Attempted rocket attack claimed as tensions increase
Attempted rocket attack claimed as tensions increase


The New IRA have claimed responsibility for an attempted mortar rocket attack on a PSNI base in Tyrone earlier this month.

An unfired rack of mortars was found close to the PSNI base in Strabane on Saturday morning, September 7, and defused by the British Army bomb squad.

In a brief statement, the New IRA warned it would continue to target members of the PSNI and British Army.

“We will continue to train and develop our engineering capabilities and we will attack the Crown Forces at times and places of our choosing,” it said.

The incident in Strabane is believed to be the first time the New IRA have deployed multiple mortars designed to detonate at the same time. The rocket apparatus was made up of three tubes, each containing a warhead packed with powder explosives.

SDLP policing Board member Dolores Kelly expressed surprise at the “increased capability” of the New IRA and warned “political instability” had increased the confidence of the IRA groups and their ability to attract “new and older members”.

Last week, PSNI Chief Simon Byrne revealed that he had dealt with more potential threats since he took up his post in July than the former police chief did during the previous 12 months. He also noted what he said were new types of “engineering and capability” being deployed by the IRA groups who he said were recruiting former Provisional IRA Volunteers.

However, Sinn Féin leader Mary Lou McDonald said this week that she has not seen a rise in conflict in the north of Ireland in recent months. Questioned about recent attacks, Ms McDonald said that it is not new, and that “small groups of people” were only trying to “disrupt the peace”.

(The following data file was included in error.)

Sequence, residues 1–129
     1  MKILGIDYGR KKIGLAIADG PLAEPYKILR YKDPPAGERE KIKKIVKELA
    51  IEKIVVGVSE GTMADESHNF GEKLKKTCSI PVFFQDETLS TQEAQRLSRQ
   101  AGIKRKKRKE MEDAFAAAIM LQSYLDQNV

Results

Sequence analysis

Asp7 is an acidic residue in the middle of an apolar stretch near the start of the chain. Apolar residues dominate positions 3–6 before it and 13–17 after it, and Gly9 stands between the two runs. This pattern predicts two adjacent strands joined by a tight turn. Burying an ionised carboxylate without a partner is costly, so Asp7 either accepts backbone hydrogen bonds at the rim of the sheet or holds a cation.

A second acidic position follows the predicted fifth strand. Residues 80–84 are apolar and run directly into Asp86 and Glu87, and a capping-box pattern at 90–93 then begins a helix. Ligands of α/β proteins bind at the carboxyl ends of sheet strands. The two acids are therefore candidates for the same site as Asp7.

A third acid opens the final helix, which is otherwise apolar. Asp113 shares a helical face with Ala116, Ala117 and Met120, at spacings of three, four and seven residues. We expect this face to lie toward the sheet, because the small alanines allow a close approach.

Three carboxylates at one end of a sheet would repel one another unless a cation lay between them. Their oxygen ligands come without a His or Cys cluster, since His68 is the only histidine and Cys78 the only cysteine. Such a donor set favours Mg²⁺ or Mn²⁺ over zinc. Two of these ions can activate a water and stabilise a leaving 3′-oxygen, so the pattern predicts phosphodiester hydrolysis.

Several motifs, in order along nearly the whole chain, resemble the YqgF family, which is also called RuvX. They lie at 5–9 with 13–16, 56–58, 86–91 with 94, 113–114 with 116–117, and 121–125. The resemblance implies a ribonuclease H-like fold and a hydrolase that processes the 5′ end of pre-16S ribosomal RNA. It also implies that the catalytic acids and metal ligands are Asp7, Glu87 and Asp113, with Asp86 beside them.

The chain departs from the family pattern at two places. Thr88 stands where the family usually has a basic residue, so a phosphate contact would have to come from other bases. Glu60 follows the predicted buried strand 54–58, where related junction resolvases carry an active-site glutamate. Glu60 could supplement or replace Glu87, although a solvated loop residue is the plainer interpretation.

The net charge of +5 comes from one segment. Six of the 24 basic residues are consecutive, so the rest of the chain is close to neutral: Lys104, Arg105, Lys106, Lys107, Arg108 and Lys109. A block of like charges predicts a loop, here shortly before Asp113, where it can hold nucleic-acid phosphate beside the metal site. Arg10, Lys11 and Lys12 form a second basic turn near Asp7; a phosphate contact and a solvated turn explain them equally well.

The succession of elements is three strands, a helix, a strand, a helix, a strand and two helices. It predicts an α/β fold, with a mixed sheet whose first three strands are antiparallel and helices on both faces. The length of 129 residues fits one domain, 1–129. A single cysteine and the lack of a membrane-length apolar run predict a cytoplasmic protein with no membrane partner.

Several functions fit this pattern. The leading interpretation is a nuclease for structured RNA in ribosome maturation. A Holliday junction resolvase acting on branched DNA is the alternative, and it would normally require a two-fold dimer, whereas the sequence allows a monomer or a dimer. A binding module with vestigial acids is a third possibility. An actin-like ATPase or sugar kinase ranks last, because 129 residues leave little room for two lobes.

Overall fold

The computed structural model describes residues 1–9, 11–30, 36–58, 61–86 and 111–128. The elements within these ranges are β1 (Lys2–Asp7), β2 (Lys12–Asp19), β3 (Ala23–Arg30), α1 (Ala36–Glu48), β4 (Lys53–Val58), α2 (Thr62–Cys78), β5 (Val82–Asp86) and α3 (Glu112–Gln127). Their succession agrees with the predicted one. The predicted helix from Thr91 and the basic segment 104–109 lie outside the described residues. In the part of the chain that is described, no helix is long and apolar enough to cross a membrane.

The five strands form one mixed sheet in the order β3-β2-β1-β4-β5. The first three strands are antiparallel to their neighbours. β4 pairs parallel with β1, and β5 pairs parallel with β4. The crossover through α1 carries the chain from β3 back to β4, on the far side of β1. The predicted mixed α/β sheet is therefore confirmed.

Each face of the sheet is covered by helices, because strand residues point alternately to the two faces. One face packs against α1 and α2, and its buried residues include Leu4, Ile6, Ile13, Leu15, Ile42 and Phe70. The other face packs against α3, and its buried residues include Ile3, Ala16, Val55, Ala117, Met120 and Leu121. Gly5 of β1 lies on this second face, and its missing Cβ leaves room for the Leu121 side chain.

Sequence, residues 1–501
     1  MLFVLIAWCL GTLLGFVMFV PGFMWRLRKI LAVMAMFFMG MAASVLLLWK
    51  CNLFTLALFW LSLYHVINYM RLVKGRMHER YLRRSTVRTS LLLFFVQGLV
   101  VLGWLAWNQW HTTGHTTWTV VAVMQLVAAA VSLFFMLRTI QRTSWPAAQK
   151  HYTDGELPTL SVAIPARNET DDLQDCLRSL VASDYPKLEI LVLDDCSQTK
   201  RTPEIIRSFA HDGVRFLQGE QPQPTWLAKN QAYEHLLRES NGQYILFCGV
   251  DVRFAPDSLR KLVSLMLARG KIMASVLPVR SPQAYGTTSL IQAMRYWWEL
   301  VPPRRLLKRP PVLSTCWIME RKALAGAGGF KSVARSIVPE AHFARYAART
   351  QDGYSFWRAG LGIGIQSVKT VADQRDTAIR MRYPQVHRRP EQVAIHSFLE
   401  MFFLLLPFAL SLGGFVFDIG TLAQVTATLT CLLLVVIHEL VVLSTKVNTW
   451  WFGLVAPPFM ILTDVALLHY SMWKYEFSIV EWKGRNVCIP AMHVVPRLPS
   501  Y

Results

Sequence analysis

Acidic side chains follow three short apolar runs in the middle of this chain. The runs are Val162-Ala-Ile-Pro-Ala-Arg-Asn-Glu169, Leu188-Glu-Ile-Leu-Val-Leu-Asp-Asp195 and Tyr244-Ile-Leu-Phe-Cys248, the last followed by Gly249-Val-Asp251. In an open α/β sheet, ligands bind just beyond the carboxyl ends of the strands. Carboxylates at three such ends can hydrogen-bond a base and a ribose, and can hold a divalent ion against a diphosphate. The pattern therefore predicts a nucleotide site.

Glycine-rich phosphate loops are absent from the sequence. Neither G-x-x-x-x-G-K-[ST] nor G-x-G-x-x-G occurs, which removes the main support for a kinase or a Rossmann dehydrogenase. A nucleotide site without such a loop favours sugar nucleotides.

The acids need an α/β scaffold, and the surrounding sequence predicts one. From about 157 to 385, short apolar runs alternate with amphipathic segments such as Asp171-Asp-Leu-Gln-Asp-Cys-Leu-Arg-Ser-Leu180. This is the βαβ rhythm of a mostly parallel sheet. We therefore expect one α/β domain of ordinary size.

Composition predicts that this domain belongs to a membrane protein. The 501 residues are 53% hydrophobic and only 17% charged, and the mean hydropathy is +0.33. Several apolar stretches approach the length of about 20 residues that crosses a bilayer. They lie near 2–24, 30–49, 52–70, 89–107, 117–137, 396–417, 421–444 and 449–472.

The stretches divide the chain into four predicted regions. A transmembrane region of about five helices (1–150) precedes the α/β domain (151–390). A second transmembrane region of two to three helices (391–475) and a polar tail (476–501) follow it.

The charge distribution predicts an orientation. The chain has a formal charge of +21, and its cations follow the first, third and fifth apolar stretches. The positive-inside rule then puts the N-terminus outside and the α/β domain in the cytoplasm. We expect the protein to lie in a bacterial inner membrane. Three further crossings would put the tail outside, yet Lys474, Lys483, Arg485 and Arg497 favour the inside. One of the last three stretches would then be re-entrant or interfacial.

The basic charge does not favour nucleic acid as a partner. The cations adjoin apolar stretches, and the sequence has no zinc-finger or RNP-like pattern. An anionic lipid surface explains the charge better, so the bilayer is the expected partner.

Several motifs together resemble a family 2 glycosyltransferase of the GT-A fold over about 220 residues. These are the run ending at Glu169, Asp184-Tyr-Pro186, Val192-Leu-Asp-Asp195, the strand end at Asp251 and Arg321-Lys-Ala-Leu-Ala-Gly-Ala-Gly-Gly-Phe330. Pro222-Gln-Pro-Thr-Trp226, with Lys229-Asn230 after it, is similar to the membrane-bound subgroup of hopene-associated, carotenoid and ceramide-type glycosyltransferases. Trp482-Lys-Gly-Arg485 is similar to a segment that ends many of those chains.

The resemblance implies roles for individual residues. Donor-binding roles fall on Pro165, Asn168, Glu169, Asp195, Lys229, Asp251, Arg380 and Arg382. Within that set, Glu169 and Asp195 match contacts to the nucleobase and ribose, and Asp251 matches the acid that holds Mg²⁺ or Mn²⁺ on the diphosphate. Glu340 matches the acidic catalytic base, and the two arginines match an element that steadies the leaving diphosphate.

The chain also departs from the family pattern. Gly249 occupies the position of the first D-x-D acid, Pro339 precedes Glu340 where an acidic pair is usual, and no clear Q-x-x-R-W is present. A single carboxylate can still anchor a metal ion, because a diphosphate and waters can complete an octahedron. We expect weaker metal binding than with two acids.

“That’s not a new thing. That’s being going on since the peace process itself,” she said.

Meanwhile, loyalist spokesperson Jamie Bryson has warned that the unionist paramilitary UVF [Ulster Volunteer Force] are watching Brexit developments “very closely”.

The blogger told BBC ‘Radio Ulster’, a traditional mouthpiece for loyalist pronouncements, that anger among loyalists over Brexit could lead to violence. He said that any deal that threatened British rule in the north of Ireland would lead to mass protests or worse.

“I would presume that the UVF will be watching very closely what is going on at this point in time and I would say that they will be watching for anything that weakens the union and the constitutional position,” he said.

“Naturally they will be watching the developments because as it goes many people, probably, within a leadership position in the UVF who will be working very hard not to let that anger spill over amongst younger people and there’s a lot of young angry people.”

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